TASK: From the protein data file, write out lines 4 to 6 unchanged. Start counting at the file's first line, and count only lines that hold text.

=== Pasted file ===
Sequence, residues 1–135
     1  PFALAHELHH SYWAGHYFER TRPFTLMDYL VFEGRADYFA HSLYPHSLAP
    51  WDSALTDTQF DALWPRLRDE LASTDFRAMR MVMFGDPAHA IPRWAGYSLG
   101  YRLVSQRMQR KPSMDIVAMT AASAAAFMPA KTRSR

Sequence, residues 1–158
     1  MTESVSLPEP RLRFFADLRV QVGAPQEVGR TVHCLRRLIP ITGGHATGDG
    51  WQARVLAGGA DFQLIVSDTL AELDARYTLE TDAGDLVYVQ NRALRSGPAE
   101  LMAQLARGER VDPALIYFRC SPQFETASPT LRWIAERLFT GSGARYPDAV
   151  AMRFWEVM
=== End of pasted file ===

   101  YRLVSQRMQR KPSMDIVAMT AASAAAFMPA KTRSR

Sequence, residues 1–158
     1  MTESVSLPEP RLRFFADLRV QVGAPQEVGR TVHCLRRLIP ITGGHATGDG